cover image For Lamb

For Lamb

Lesa Cline-Ransome. Holiday House, $18.99 (304p) ISBN 978-0-82345-0152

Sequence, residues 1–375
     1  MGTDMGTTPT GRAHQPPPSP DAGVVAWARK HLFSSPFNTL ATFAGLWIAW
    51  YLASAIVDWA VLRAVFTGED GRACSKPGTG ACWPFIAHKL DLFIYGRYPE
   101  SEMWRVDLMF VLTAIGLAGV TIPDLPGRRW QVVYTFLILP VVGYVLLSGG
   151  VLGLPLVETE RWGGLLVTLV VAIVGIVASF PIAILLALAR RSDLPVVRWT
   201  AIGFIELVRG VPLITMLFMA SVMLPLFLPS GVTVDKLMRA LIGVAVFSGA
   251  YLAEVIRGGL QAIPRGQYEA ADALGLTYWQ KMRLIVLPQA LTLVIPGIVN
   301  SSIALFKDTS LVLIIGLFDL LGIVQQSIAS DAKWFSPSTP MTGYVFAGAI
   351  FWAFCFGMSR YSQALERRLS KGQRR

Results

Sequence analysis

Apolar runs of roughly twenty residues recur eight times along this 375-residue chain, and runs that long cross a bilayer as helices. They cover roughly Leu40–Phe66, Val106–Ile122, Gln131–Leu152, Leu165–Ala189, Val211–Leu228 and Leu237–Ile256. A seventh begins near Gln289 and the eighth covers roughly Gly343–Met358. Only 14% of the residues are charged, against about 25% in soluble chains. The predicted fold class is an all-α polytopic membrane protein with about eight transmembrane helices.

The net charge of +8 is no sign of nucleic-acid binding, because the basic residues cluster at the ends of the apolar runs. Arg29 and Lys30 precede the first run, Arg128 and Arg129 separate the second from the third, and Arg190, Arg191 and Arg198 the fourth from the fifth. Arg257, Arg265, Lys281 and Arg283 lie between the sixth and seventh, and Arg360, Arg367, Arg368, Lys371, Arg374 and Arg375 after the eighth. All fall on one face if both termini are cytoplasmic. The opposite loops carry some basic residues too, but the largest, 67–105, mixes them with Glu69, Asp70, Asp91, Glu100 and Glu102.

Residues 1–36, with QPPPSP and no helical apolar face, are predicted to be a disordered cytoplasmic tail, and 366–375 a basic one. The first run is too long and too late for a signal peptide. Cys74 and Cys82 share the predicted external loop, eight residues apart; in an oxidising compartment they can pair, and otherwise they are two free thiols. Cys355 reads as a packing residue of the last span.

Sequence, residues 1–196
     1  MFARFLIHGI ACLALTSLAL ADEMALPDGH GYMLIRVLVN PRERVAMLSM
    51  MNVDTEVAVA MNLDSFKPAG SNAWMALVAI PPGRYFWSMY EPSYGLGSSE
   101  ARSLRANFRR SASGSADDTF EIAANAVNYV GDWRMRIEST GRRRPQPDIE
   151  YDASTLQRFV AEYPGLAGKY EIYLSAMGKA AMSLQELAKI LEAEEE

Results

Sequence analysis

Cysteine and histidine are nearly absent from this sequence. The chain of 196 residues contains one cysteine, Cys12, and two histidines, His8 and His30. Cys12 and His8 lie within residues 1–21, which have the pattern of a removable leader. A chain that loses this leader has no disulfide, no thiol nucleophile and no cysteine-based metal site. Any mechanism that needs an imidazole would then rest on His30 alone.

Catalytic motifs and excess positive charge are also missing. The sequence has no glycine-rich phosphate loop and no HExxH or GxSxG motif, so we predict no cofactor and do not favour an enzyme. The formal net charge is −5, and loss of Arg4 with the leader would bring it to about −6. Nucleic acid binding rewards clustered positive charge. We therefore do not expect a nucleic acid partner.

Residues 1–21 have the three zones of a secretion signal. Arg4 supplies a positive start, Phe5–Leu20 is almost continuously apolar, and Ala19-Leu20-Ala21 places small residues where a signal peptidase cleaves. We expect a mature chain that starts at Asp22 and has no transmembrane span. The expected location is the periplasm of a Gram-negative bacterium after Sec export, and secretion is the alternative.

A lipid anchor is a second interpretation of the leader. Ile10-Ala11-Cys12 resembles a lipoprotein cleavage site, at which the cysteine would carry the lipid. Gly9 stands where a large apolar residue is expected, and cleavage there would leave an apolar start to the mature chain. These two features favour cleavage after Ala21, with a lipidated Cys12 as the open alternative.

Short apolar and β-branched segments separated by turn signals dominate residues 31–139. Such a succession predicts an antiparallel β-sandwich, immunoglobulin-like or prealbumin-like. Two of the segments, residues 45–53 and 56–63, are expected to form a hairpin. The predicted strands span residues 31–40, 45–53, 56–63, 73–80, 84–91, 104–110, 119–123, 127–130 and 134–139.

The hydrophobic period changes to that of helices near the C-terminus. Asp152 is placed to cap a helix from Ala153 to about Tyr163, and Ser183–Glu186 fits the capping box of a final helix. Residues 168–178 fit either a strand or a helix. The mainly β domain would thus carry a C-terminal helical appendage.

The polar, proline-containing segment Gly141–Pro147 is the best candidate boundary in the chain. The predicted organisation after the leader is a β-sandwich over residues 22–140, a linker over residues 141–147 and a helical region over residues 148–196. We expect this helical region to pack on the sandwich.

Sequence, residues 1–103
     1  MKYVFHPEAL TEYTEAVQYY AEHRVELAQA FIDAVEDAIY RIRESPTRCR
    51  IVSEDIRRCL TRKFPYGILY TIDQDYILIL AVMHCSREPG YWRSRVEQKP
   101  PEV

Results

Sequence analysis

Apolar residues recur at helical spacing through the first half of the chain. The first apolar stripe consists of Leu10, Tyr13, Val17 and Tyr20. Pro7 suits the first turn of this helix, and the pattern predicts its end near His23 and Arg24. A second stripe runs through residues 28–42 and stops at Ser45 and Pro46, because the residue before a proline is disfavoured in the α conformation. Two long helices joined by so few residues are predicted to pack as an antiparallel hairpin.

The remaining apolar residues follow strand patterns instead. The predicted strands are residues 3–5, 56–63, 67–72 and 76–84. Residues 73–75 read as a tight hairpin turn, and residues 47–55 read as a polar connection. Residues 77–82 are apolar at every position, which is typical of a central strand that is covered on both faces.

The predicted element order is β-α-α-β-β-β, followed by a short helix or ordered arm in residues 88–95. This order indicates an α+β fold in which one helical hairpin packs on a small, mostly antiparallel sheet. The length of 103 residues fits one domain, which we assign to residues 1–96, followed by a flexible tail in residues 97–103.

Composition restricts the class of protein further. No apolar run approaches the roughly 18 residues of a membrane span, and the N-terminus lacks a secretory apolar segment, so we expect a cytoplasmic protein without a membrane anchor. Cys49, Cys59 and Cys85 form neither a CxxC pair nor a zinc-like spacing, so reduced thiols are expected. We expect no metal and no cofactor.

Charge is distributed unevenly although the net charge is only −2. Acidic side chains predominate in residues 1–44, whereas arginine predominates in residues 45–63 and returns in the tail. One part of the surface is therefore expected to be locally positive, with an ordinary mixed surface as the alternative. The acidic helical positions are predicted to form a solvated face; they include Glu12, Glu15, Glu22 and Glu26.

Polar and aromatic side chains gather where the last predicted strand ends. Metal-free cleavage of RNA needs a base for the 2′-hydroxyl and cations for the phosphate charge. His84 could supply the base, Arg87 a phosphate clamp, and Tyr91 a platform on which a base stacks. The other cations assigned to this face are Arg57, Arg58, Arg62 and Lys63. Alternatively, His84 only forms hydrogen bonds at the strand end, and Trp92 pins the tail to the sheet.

The friendship between two teens, one Black and one white, sets off a series of tragic events in this potent, 1930s Mississippi–set novel by Cline-Ransome (Being Clem), told via multiple narrators. When Lamb Clark, described as “quiet as a lamb,” befriends Marny, the daughter of her small town’s optometrist, she’s privately excited for the distraction from her family’s personal drama and the opportunity to forge connection amid the racism she experiences daily. Her older brother, Simeon, who’s earned a full-ride scholarship to a college up north, is eager to escape their town and is constantly at odds with their seamstress mother, Marion, who’s struggling to hide her romantic relationship with her best friend, Myrtle. As Lamb’s friendship with Marny unfolds, the protagonist must decide what she wants outside of her family’s expectations and navigate the dangers of befriending a white girl in the Jim Crow South. The perspectives of the siblings’ absent father and their charming uncle, Chime, feature throughout, providing myriad looks into their experiences with racism, and at how their personal histories reverberate into Lamb’s present. In lyrical prose that displays adroit attention to historical detail, Cline-Ransome empathetically renders a perpetually optimistic protagonist whose hopeful outlook lends heartbreaking resonance to the narrative’s dark themes. Ages 14–up. Agent: Rosemary Stimola, Stimola Literary Studio. (Jan.)